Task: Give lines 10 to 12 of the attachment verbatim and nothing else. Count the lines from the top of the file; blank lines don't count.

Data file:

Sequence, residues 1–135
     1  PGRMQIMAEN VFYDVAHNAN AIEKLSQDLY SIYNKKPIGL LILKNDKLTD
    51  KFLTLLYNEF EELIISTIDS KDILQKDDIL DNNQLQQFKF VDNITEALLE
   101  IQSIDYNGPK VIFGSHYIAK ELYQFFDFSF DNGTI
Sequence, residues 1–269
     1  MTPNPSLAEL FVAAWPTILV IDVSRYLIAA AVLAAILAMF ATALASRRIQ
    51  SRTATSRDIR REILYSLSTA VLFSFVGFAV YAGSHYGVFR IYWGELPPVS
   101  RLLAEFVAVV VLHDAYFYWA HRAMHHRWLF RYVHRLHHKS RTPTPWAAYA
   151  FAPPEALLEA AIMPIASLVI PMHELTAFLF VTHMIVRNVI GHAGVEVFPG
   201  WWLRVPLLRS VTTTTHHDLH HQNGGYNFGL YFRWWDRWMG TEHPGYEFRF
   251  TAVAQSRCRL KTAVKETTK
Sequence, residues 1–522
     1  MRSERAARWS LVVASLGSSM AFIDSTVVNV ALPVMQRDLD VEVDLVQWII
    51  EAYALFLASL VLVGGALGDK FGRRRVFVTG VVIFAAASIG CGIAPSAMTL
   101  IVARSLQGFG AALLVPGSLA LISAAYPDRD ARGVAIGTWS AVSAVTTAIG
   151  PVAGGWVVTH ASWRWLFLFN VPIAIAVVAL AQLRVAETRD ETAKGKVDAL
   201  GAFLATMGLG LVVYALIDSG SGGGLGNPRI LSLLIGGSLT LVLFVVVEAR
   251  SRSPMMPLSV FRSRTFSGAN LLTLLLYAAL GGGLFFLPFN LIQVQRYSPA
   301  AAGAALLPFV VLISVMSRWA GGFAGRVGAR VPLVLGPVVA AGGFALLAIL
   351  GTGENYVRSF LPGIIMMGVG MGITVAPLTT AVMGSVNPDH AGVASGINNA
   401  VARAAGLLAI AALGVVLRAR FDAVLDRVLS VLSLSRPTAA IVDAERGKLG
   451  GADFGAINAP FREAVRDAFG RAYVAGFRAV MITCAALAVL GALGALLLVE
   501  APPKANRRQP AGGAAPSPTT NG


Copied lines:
   201  WWLRVPLLRS VTTTTHHDLH HQNGGYNFGL YFRWWDRWMG TEHPGYEFRF
   251  TAVAQSRCRL KTAVKETTK
Sequence, residues 1–522